QCTIP2020 – virtually seamless

Our Quantum Computing Theory in Practice conference was very different this year. With the world turned upside down by the global pandemic, we have all had to adapt and rethink how we live our daily lives. With a fully remote team, and no one able to travel, QCTIP2020 became a fully virtual event.

542 registrations, 22 talks, 60 posters, and 4,701 slack messages later, we reflect on our experience of running a successful virtual conference.

1. Keep it simple

We used only two platforms to deliver the event:

Zoom – to broadcast the talks

Slack – for Q&A to speakers, the poster session, and general interaction among participants

The talks were broken down into ‘sessions’, with four sessions a day, with one to four talks per session. All of the talks were delivered live, which meant we had to take extra care with time zones for our international colleagues. Despite this, engagement was excellent with a maximum live audience size of 242, averaging at 158.

Ilana Wisby at QCTIP2020
Ilana Wisby, CEO of Oxford Quantum Circuits, as part of the hardware panel in session 2

All communication outside of the talks took place via slack. There was a separate channel for each talk where the audience could submit their questions to the speakers. This worked remarkably well as it made it easy to have focused and meaningful discussions around each topic. Most of the speakers hopped on to the slack channel after their talks to answer a few extra questions. In total, 75% of registrants used the slack channel. We received many comments from the feedback survey hailing slack as a great method for managing Q&A to speakers and for communicating with each other.

QCTIP2020 posters
a snapshot of the #posters slack channel
Slack was also used to host the poster session; participants uploaded their posters into a dedicated channel, some with accompanying links to a short introductory video to add a more personal touch. This method definitely had some plus points – presenters didn’t need to repeat themselves and viewers could go back and view as many posters as they wanted in as much detail as they liked. There wasn’t as much interaction as we would have liked here however. There were a lot of posters to get through and also, no accompanying wine, although – that was at the participant’s discretion!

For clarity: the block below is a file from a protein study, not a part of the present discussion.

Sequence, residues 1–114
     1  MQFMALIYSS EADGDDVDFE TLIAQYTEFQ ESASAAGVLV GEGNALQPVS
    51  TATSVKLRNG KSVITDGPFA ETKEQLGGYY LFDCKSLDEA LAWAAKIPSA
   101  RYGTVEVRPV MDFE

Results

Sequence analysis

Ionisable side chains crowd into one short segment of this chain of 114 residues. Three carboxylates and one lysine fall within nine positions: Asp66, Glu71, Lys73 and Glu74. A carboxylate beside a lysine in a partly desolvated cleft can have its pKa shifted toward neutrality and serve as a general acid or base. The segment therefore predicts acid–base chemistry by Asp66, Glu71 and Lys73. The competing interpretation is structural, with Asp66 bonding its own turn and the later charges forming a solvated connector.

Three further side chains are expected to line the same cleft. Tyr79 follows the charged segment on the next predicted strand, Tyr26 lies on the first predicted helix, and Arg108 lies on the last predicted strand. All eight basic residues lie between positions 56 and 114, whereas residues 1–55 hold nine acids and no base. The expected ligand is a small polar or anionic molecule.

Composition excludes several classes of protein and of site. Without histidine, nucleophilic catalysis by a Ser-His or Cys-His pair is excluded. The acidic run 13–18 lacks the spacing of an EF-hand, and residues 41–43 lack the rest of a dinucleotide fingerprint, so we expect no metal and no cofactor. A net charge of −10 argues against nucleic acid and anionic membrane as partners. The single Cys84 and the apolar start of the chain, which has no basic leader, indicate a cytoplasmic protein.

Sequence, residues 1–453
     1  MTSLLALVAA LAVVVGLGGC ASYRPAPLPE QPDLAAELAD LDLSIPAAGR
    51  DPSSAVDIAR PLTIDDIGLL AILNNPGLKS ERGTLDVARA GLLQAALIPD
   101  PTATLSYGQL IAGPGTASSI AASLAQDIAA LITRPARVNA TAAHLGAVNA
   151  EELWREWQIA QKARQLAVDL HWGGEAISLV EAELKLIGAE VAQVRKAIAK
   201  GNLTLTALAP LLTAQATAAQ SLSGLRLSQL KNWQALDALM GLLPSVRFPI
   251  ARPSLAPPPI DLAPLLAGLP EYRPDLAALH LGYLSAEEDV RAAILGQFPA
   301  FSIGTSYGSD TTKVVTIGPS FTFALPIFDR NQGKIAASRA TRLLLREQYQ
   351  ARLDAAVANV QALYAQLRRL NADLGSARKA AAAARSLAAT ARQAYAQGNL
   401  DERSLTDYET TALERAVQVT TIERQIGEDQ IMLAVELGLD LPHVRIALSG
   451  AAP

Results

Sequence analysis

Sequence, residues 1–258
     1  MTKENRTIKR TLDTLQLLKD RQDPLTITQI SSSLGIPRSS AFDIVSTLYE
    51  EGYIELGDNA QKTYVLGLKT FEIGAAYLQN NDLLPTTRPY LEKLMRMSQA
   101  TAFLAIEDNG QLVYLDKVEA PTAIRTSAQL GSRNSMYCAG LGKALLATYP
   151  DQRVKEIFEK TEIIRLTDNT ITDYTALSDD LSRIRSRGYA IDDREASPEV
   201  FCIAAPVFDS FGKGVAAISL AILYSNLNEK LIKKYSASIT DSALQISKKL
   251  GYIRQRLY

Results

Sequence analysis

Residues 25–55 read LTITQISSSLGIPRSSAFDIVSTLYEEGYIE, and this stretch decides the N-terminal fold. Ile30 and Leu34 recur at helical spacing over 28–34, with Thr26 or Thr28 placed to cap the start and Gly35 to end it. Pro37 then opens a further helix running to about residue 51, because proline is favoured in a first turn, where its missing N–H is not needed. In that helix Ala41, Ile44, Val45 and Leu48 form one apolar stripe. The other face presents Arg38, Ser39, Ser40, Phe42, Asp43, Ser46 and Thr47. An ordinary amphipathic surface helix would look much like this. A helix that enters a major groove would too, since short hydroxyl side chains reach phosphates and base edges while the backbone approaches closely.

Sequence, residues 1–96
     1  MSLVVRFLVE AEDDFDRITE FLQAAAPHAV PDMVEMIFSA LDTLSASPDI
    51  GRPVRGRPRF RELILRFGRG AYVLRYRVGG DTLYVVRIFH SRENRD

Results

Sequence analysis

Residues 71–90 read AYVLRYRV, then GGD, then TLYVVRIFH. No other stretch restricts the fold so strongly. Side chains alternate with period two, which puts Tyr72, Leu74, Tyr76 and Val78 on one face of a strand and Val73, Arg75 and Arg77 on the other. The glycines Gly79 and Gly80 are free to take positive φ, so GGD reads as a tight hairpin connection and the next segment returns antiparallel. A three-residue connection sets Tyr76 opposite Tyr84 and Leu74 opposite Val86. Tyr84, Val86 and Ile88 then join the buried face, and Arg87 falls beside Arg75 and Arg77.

2. Be crystal clear

Not only did we face the challenge of no physical participants, but also, a fully remote team meant we all had to work behind the scenes like clockwork despite being spread across the UK.The key was to make sure everyone involved knew exactly how the event would work. For the audience – straight-forward instructions in the programme, a clear code of conduct, and zoom links posted again in the corresponding slack channels just ahead of the talks. Behind the scenes communication was also critical. We held practice webinar sessions for the speakers to ensure smooth transitions between talks. This all helped to make QCTIP (pretty much) hiccup free.Equally important however, was ensuring that everyone in the Riverlane team knew their role inside out. We had webinar hosts and co-hosts who would guide the speakers on how the sessions would take place, slack moderators to ensure everyone was using their real names, and session chairs to introduce speakers and lead the Q&A. We also had a nominated ‘participant’ to view each webinar from an audience perspective and report back anything that wasn’t quite right. It was vital that each person was fully briefed on what they needed to do and how, and were able to practice their roles, which leads us on nicely to…